In this week’s lesson, I continued the theme of how data is stored in computers, this week focusing on binary addition.
Lesson 1: Theory (Binary Addition)
Suggested time: 50 mins
I started with a fun starter activity courtesy of Mark Ward via CAS called Binary Bingo. To download the activity, click here.
Each student was given a bingo card and numbers were picked at random using a free random name selector (see Classroom Management Tools). The first student to get a full house was the winner.
I began by writing a simple sum (adding to denary numbers together) on the board:
I then asked for a volunteer to solve it (showing all working out).
Next, I introduced a simple binary sum:
I explained that adding binary numbers is exactly the same as adding denary numbers however, instead of carrying groups of ten, you carry groups of 2. I followed this by writing a couple more simple binary sums on the board and asked for volunteers to attempt to solve these.
Next I explained that when we add two 1s we need to carry over to the next column. I demonstrated this using the following sum:
I followed this by asking students to work out the following (explaining their working out):
Finally, I wrote the following binary sum on the board and asked the students to solve it. I then asked the students if they spotted the problem.
I explained that, if we only have 4 bits to store the result, there would be no room for the final carry – resulting in the wrong answer. I explained that when there isn’t room to store the resulting calculation, we get an error which we call overflow.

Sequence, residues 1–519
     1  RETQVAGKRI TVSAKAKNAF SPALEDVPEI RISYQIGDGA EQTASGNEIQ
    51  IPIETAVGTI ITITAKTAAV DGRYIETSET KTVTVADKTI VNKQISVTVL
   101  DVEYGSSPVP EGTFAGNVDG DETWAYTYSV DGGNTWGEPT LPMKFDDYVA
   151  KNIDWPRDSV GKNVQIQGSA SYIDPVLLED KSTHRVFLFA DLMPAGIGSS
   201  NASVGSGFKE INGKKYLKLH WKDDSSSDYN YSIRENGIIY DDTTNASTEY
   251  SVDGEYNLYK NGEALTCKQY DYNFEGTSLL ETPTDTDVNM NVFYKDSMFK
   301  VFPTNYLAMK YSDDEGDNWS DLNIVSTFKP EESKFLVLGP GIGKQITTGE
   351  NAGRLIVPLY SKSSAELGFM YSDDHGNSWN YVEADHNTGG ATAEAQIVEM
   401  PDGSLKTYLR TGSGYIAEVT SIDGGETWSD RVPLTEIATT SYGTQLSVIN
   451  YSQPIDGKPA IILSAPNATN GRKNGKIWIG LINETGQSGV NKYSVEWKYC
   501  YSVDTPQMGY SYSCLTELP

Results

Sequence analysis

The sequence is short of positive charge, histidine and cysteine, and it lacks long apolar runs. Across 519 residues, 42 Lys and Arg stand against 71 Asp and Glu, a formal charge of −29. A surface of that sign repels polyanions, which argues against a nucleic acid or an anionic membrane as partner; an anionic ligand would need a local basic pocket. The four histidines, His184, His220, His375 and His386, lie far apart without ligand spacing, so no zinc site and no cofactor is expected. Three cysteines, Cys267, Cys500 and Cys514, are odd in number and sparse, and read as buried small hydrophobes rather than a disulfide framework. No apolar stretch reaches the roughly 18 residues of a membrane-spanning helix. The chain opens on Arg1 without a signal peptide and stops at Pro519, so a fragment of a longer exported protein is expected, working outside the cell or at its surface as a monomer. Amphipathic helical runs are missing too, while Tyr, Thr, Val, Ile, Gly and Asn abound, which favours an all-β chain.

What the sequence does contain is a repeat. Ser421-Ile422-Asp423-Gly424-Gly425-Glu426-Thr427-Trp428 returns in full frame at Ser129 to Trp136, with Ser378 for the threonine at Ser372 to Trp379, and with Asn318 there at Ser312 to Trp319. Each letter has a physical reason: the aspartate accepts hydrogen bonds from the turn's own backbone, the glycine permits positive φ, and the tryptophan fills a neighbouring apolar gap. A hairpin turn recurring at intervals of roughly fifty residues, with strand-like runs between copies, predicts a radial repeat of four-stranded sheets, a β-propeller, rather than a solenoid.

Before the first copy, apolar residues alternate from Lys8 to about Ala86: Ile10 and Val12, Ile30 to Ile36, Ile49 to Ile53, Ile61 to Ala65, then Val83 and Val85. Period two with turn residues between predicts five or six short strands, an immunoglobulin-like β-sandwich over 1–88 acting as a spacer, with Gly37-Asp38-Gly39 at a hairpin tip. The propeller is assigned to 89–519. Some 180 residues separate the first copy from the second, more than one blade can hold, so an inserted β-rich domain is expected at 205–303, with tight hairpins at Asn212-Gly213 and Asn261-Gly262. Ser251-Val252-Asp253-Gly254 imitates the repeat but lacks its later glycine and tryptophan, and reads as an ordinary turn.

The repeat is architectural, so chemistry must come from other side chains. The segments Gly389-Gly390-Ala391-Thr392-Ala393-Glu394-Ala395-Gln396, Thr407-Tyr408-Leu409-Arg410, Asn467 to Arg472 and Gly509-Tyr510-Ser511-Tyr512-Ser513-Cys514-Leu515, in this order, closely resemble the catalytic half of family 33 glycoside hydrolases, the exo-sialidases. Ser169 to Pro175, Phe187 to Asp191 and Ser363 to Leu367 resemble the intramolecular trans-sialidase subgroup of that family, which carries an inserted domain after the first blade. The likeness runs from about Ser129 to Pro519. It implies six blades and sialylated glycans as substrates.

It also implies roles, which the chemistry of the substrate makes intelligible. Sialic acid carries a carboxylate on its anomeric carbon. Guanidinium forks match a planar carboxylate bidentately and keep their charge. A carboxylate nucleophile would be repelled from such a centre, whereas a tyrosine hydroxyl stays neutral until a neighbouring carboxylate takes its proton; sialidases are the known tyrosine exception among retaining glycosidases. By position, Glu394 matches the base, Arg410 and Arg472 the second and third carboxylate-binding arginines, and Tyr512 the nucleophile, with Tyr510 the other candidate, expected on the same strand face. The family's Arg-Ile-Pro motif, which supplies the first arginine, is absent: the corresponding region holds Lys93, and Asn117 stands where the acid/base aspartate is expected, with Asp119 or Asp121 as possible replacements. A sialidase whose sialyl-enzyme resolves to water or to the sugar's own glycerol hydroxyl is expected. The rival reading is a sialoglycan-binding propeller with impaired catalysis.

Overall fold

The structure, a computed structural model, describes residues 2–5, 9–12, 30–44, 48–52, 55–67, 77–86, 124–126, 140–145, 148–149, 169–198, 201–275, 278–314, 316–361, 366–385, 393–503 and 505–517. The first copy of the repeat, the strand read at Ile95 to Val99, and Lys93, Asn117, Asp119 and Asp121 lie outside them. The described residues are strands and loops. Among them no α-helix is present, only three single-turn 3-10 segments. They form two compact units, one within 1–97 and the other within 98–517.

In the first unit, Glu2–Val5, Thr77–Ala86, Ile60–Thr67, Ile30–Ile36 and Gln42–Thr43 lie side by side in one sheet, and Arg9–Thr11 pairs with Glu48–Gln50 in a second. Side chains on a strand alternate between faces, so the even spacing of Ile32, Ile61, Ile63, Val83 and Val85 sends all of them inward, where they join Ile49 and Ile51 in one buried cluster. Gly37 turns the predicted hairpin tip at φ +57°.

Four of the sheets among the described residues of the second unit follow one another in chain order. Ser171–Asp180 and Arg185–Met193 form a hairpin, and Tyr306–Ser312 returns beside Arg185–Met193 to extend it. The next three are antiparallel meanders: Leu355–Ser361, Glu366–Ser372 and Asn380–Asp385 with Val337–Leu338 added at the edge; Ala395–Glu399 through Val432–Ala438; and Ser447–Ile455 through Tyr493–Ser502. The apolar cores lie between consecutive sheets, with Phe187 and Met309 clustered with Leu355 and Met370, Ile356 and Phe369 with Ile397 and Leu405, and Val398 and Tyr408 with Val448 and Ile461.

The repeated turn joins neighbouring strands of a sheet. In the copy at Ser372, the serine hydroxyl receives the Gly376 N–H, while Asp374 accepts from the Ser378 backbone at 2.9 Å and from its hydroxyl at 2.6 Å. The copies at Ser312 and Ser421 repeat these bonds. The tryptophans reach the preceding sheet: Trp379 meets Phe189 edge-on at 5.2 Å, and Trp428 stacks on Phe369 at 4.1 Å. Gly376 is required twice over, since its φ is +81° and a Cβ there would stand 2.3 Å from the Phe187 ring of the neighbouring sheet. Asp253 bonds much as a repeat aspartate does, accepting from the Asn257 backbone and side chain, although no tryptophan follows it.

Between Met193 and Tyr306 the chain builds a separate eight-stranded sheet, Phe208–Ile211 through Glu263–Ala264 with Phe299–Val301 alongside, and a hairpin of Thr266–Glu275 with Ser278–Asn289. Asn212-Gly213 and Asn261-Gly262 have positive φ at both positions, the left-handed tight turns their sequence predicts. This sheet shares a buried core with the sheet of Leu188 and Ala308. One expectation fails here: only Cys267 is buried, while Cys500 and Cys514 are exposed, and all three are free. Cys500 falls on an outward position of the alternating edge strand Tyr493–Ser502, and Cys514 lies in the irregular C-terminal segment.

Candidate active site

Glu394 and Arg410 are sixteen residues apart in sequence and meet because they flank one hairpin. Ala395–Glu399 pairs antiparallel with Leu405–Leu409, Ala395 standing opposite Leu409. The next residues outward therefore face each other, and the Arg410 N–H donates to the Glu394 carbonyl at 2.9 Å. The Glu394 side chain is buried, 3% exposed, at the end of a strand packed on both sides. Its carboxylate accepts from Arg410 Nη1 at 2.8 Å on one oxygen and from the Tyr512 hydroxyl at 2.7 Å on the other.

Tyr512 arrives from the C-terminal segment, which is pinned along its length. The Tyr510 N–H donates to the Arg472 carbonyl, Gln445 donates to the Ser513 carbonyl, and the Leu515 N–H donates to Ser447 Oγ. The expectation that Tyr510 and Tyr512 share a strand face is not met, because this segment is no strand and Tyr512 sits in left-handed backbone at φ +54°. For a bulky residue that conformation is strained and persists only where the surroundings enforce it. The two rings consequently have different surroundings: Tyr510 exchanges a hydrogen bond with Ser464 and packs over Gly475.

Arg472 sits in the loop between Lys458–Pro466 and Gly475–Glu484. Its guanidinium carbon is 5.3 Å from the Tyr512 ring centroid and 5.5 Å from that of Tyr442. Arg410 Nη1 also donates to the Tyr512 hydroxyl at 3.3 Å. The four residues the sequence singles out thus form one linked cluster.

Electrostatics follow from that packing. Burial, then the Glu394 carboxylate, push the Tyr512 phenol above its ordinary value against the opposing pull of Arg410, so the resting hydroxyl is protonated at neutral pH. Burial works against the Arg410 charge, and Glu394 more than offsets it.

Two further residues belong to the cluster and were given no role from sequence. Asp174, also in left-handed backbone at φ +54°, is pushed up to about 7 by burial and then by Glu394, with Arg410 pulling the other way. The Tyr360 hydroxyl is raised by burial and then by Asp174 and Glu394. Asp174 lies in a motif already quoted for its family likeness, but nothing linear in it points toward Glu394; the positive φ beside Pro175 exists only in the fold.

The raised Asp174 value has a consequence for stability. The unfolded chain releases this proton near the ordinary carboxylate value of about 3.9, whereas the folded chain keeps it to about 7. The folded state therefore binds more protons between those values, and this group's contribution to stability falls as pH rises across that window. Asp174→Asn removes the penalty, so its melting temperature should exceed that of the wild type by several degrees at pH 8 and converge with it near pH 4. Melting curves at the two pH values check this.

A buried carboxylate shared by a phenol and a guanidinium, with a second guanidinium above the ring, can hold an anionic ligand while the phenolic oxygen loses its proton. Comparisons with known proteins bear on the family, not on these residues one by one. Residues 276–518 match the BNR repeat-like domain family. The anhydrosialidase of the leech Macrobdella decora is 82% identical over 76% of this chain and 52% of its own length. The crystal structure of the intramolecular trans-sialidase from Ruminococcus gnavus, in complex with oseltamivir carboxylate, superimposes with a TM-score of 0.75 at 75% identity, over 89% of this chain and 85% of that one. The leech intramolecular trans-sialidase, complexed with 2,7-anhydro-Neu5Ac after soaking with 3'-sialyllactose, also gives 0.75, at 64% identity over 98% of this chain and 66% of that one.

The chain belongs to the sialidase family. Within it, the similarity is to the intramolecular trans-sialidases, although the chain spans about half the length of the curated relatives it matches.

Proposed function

Finally, I gave students a series of binary addition challenges courtesy of Chris Barnard via CAS. You can download the worksheet and answer sheet here: Binary Addition Exercise
Students were directed to the following YouTube video explaining binary subtraction:
Students played the CISCO Binary Game: http://forums.cisco.com/CertCom/game/binary_game_page.htm
Binary Calculator – http://gwydir.demon.co.uk/jo/numbers/binary/add.htm
Binary Arithmetic Task - http://www.allaboutcircuits.com/worksheets/bin_math.html
Lesson 2: Raspberry Pi - Python Challenge
Suggested time: 50 mins
Students were instructed to setup their Raspberry Pis and to launch IDLE 3.
Students were then asked to attempt a series of introductory Python challenges courtesy of Tom Gilmour via CAS: http://community.computingatschool.org.uk/resources/332
Alternatively, if you do not have access to a set of Raspberry Pis, students can still complete the Python challenges:
To install Python for FREE, go to the python.org website and download a standard installation of the latest version of Python. This will provide you with everything you need.
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